Our offensive staff at St. Francis is not one that likes to call plays based on a hunch, though. Our philosophy is that the defense does not have to do the same thing the next time you run the same play. The solution to our problem had to be one that was schematically sound, but provided us protection against teams that were overplaying the outside give. Additionally, we like to keep things simple for our players. We didn’t want to teach a multitude of new techniques or schemes if we didn’t have to do so.
That is when we learned about the Trap Read play. It’s based on the old “Long Trap” play that has been around for a long time. It only changes the responsibilities of two people, the quarterback and the pulling guard. (Diagrams 3 and 4)
Problem Solving the Concept:
Problem #1: Sometimes this play happens too fast. The guard can’t get to the end in time and the backer stays in the box. You’ll get a give read for the QB, but the DE is in the way because the guard hasn’t made his block yet.
Solution: Your guards need to be pretty athletic to pull this off. If you have a statue there, he’ll end up being in the way more than anything. We have actually widened the splits of our running backs to help the timing of this play. If we were running Jet motion (Diagram 5), we would rather snap the ball too early rather than too late. This forces the QB and ball carrier to slow things down and allow the blocking up front to develop.
Problem #2: QBs will miss reads.
Solution: This is unavoidable. This is actually one of the reads that our quarterbacks have the least trouble with. Some of the best advice I’ve heard, though, in running these types of plays is that if your quarterback is getting the majority of his reads correct (above 75%), you’re going to have a pretty successful day. We are constantly reminding ourselves as a staff that we can’t get discouraged when a read is missed. If a play is schematically sound, we must come back to it later in the game.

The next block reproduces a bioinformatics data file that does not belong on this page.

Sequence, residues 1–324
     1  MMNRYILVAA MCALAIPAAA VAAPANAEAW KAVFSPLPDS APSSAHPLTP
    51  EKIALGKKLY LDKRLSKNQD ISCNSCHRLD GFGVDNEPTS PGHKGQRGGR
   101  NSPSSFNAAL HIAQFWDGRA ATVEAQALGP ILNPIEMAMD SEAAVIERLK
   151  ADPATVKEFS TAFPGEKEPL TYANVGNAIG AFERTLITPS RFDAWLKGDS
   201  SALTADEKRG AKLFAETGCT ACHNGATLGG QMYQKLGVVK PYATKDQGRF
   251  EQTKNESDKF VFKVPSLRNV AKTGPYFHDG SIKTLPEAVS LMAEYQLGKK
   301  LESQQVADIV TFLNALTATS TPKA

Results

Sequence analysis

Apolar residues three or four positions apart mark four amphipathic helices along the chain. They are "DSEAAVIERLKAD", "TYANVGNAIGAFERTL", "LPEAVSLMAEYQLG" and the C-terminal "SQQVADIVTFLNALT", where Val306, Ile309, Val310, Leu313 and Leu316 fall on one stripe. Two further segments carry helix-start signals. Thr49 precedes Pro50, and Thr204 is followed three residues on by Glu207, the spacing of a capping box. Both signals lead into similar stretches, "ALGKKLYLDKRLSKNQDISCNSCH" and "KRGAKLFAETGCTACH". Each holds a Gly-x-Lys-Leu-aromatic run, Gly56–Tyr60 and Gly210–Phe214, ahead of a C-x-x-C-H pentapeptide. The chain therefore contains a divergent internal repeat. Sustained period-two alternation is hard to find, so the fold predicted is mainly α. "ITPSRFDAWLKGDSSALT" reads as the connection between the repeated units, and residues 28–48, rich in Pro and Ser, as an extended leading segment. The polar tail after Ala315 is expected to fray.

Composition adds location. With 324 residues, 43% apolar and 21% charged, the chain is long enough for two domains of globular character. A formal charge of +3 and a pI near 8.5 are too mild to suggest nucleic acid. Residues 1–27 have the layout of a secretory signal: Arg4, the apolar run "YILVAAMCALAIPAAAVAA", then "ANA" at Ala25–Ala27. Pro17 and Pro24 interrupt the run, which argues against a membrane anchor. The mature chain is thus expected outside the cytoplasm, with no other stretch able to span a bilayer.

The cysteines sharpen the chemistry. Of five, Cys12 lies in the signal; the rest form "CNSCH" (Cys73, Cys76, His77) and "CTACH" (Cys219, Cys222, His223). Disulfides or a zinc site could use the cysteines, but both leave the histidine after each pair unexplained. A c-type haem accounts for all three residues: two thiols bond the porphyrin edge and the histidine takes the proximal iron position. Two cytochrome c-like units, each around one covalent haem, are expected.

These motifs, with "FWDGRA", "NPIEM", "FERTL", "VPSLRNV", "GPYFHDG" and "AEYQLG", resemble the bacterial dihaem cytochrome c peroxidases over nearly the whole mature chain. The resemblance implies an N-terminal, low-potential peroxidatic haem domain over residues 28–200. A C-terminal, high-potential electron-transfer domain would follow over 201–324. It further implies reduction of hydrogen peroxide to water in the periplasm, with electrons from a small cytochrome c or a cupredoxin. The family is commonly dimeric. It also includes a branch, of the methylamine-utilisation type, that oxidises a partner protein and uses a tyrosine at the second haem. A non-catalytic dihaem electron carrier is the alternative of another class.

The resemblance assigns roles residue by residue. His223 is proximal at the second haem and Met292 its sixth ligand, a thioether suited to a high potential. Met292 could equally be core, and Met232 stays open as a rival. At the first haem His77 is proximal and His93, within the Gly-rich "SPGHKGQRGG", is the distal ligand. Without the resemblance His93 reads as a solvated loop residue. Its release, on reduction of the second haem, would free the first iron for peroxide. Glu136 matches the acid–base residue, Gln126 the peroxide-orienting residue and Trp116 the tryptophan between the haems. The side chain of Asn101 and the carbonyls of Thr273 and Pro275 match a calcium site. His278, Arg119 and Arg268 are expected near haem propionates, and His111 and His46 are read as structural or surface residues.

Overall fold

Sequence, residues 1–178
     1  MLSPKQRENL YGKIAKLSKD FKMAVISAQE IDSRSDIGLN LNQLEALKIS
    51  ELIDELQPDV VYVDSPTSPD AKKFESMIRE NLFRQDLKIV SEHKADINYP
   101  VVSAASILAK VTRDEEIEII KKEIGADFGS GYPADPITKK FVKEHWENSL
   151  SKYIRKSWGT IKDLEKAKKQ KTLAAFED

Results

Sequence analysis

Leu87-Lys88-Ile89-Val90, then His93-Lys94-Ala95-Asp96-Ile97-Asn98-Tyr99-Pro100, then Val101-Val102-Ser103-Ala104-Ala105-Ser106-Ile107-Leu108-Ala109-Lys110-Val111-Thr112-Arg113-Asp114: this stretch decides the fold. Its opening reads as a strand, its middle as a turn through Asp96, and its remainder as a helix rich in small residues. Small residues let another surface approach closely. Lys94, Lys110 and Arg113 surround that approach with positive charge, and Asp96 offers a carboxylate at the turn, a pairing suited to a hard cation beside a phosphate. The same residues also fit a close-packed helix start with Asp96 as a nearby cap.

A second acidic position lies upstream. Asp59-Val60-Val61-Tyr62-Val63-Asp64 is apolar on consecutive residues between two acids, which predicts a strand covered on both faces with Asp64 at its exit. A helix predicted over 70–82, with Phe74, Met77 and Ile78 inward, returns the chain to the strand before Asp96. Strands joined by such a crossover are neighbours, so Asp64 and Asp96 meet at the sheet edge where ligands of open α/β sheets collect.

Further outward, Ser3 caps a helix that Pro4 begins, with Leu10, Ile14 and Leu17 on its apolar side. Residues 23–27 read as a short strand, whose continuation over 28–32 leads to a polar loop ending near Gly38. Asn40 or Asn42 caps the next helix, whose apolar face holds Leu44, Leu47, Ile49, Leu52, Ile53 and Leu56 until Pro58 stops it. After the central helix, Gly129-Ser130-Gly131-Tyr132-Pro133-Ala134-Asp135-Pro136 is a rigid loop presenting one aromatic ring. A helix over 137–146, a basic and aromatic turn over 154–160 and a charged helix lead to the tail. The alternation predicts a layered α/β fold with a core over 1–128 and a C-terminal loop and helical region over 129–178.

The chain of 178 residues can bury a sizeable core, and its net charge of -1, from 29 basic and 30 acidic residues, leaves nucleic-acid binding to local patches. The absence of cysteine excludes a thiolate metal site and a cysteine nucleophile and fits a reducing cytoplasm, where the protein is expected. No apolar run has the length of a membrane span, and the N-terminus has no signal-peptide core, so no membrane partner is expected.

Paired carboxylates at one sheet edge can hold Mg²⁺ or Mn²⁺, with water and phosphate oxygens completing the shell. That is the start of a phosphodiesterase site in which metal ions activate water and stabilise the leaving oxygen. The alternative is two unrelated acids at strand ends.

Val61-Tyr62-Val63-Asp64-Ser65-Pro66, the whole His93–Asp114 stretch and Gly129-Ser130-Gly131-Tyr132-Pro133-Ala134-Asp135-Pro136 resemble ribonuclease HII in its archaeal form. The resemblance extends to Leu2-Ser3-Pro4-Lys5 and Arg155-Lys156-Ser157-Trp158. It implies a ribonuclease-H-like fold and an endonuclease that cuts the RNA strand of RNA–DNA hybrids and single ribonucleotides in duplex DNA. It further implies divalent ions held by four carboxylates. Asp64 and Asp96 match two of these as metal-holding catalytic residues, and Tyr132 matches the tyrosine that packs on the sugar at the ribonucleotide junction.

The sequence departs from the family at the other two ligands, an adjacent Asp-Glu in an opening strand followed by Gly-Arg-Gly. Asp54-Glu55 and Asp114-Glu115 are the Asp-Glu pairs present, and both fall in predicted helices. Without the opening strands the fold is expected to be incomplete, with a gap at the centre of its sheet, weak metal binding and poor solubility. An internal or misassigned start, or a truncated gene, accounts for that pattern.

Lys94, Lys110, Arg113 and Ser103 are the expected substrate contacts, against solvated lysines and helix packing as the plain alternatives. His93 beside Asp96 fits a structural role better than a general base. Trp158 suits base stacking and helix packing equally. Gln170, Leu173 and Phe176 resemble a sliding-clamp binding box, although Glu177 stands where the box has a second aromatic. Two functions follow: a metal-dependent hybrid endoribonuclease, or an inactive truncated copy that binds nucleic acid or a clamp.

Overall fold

Your Next Steps…
X&O Labs Insiders members, please click here to login and get the full-length version of this clinic report. Here’s a short list of what Coach Cinelli reveals:
- Why this concept produces far more QB keeps than traditional power read.
- Why Coach Cinelli varies the pull technique of the back side guard.
- How the quarterback identifies and reacts to the movement key.
- The #1 thing you should do when the defensive end wrong arms the trap block.
- What to do if your back side Guard is not quick enough on his pull.
- VIDEO: Watch Coach Cinelli’s game film on the trap read concept.
Get Full Access: Join X&O Labs’ exclusive Insiders membership program and gain full access to Coach Cinelli’s clinic report and game film… Click here to join now.
I want to thank you for taking the time to read my clinic report. I think this is an exciting addition that will be a big part of your offense should you choose to implement it. If you have any questions or suggestions, please post in the comments section below.
Author’s Bio: Will Cinelli returned this year for his second stint as a member of the Saints’ coaching staff after spending the 2013 campaign as an assistant coach at Montana Tech. From 2009-12, Cinelli coached running backs, tight ends and offensive linemen during his initial tenure at St. Francis.